Still another preferred embodiment is to ensure that the anolyte is saturated with oxygen (O2 during the electrolysis operation when an iron anode is employed. This may increase the sodium ferrate yield by destruction of any impurities present (e.g., Fe+2 impurities in the anode) and increasing the number of ferric ions on the surface of the anode.

The ferrate adduct of the present invention may be introduced into a waste-water or process-water streams for the beneficial results of an oxidant of impurities. The products of the oxidation reaction will be ferric salts and calcium hydroxide which precipitate and are removed by standard methods. The adduct may also be fed directly to heating and cooling water streams or potable water streams in order to oxidize organic contaminants (e.g., phenols and cyanides) or destroy biological contaminants (i.e., bacteria); as well as be employed to precipitate undesirable metal ions and thus improve both taste and color of the streams. The aforementioned time release capabilities of the calcium/sodium ferrate adduct product adds considerable versatility to the techniques for accomplishing such improvements.

These and other embodiments of the present invention are illustrated by the following examples. All parts and percentages are by weight unless explicity stated otherwise.

EXAMPLE 1

A calcium/sodium ferrate adduct was prepared from a solution which was previously prepared batchwise in an electrolytic cell comprising a high purity ingot iron anode, a cathode, an anolyte chamber, a catholyte chamber and a membrane-type separator.

The cell anode was a 1/2 inch thick rectangular flat piece of #1014 mild steel plate of dimensions 5.1 cm wide by 7.0 cm high, which gave a front face active surface area of 35.7 cm2. A 1/8 inch diameter steel wire was spot-welded to the back of the steel piece, and the steel wire, the back of the piece and the sides of the steel piece were covered with epoxy and allowed to set thoroughly. This ensured that only the front face of the steel anode was active to electrochemical reaction.

The cell cathode was a piece of 0.03 cm thick nickel expanded-mesh with 1/4×1/8in. diamond openings with dimensions of 5.1 cm wide by 7.0 cm high, connected to the power supply by a 1/8 inch diameter nickel wire.

A perfluorosulfonic acid resin membrane was positioned between the two electrodes and the two cell halves. The anode to membrane gap was about 1/4 inch, and the cathode to membrane gap was about 1/16 inch. The membrane was a homogeneous perfluorosulfonic acid resin membrane, 5 mils thick 1200 equivalent weight, laminated with T-12 fabric of polytetrafluoroethylene. This membrane is sold commercially by the Dupont Company as Nafion® 425 brand membrane. It had an active area of the membrane during operation of 5.1 cm by 7.0 cm or 35.7 cm2. It was soaked in 15 wt. % NaOH for 18 hours prior to cell operation.

A series of batchwise electrolysis runs were completed in order to obtain a larger amount of sodium ferrate solution. The cell was run at temperatures between 15°-30° C. during these runs at varying current densities, ferrate current efficiencies, voltages and run duration times. The anolyte feed solution used was 45% NaOH, 0.16 wt. % NaCl in all runs. 45% NaOH without NaCl addition was used in the catholyte in all runs.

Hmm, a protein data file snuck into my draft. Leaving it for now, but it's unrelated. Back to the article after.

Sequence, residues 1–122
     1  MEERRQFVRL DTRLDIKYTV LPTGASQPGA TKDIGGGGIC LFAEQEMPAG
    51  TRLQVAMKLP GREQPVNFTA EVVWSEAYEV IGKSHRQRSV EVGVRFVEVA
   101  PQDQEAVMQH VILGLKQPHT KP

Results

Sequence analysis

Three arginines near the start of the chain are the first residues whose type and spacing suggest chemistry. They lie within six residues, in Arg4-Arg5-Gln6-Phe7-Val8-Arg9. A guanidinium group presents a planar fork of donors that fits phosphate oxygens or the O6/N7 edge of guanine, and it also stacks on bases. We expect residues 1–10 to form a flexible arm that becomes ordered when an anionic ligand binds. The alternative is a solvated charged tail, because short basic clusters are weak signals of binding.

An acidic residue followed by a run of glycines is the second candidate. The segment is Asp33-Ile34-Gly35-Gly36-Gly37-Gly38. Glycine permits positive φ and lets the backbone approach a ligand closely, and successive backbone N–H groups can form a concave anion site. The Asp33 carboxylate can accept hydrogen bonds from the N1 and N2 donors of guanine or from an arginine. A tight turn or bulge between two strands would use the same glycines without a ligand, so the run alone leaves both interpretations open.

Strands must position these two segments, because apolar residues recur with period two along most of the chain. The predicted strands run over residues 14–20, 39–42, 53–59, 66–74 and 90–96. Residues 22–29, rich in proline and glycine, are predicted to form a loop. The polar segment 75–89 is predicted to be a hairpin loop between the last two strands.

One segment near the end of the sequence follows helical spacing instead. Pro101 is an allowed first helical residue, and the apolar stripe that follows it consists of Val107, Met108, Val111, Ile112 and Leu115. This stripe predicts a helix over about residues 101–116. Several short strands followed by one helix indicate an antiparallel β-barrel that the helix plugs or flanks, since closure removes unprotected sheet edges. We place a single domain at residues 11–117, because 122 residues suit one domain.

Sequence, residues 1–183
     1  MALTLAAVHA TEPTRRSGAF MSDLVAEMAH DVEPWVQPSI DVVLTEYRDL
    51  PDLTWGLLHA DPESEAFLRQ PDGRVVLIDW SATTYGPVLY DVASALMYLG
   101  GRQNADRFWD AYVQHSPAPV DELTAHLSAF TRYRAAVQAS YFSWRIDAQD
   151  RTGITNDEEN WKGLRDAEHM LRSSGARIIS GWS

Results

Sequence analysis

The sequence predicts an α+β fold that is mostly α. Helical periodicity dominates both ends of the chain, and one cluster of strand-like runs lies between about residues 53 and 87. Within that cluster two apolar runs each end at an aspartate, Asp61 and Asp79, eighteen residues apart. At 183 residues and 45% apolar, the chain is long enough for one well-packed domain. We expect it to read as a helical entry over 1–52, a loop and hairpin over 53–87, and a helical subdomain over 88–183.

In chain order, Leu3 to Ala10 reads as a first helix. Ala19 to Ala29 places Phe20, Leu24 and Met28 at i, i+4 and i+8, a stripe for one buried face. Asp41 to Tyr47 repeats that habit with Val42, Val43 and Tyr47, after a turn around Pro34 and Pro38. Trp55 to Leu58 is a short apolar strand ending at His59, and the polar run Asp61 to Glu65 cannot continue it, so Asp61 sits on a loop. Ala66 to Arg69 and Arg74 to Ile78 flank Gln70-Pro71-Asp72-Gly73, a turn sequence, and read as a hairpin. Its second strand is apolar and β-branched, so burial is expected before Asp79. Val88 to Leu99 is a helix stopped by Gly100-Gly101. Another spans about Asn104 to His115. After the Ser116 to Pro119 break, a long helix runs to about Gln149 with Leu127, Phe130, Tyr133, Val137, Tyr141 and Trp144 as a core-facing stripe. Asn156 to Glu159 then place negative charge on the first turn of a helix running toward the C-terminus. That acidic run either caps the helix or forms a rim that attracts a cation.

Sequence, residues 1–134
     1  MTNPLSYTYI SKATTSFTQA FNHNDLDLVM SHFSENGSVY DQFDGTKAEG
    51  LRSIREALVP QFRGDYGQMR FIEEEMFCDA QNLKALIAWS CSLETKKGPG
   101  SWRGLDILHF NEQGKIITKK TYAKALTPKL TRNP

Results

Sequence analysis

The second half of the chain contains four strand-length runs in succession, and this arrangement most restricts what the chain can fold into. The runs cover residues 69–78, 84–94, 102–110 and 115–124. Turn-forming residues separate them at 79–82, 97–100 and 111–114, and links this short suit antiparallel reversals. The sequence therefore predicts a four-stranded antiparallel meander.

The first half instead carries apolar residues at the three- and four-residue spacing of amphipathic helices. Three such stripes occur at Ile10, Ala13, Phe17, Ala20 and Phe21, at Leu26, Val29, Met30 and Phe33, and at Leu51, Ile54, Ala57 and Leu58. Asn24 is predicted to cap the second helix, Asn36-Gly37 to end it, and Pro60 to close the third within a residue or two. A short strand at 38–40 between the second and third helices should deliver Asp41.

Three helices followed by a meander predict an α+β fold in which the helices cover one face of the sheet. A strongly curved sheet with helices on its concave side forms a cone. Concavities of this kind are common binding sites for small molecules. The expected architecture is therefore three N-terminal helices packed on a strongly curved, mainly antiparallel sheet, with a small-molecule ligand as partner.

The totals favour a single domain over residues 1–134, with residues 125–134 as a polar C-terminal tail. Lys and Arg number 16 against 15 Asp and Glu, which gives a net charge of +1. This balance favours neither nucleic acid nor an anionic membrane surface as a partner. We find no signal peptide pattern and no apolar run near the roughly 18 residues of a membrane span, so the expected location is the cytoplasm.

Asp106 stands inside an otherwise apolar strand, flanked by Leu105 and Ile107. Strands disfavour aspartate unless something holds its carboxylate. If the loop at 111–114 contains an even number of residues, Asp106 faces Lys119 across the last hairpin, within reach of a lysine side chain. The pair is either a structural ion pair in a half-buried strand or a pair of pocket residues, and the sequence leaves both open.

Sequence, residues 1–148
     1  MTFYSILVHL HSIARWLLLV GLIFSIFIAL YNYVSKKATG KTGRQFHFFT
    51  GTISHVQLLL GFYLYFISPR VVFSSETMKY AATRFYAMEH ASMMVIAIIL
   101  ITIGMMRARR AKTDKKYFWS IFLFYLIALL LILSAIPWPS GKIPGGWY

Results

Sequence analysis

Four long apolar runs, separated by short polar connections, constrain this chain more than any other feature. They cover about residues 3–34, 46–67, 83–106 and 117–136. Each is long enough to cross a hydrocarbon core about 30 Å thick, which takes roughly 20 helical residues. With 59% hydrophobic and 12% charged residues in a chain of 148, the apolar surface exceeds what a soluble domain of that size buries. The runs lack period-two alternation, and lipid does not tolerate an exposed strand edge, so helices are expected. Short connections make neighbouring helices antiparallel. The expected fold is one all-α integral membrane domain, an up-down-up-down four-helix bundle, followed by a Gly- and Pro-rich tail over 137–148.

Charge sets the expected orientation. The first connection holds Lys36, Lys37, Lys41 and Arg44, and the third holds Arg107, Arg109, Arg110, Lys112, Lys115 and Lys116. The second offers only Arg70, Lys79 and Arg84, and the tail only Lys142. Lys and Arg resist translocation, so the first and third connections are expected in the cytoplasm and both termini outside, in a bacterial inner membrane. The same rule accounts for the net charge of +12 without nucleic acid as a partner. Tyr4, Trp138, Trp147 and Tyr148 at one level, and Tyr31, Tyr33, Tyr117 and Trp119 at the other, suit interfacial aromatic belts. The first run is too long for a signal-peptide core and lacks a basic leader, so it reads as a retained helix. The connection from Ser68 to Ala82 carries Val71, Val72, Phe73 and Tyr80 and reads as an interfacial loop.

The sodium ferrate/NaOH solutions were combined into a single larger quantity and a portion of this solution was used in the experiment to be described below. The solution analyzed 0.16 wt. % NaCl, 47 wt. % NaOH and 0.288 wt. % Na2 FeO4.

At room temperature (25° C.) 140 mls of this 0.288 wt. % solution was placed in a 500 ml beaker. One gram of technical-grade calcium hydroxide Ca(OH)2 was added to the solution and it was stirred rapidly and allowed to react at room temperature for 1.0 hour.

An apparatus was assembled which comprised of a 10 micron 500 ml glass frit vacuum filter fitted on top of a 4.0 liter Erlenmeyer vacuum flask, connected to a single-stage vacuum pump. At 25° C., the entire sample of reacted mixture was filtered through the glass filter under a vacuum of 25 inches of Hg. A dark, muddy purple solid was formed on the surface of the filter, and the filtrate liquid possessed a definite purple color, but somewhat decreased in intensity compared to the reacted mixture. The filtrate was analyzed and was about 0.18 wt. % Na2 FeO4, such that about 37.5% of the sodium ferrate material had reacted and had been separated from the cell liquor as the adduct product. The purple, muddy, somewhat wet cake from the filter was removed and weighed 5.31 g. The solid was placed in a 250 ml beaker and mixed thoroughly at high shear rate with 200 mls of isopropanol for 15 minutes. The stirrer was turned off, the solid product allowed to settle, and the alcohol containing NaOH and NaCl was decanted and discarded. This ispropanol washing procedure was repeated three more times. On the final washing, the isopropanol-ferrate adduct suspension was transferred to a clean, dry vacuum filter. The isopropanol was pulled away, then 400 mls of diethyl ether was pulled through the purple solid. The solid was immediately transferred to a glass watch glass and placed in a vacuum dessicator. 25 Inch Hg vacuum was pulled for 3.0 hours on the material. The purple solid sample weighed 4.23 g and was analyzed to be 7.5% by weight Na2 FeO4, with the rest of the mixture being calcium hydroxide, sodium hydroxide and sodium chloride. These results represent a 38.5% recovery efficiency of sodium ferrate from the sodium ferrate cell liquor sample.

This Example has shown that an adduct of sodium ferrate and calcium hydroxide can be produced by a method which begins with an iron species, sodium hydroxide, sodium chloride and water, utilizing electrolysis, a conversion reaction and a separation and recovery to produce a useful calcium hydroxide-sodium ferrate adduct product. Use of lime (Ca(OH)2) offers superior process advantages and produces a product which is particularly useful for waste-water treatment. Isopropanol extraction offers a unique commercial separation method for producing calcium/sodium ferrate adduct products.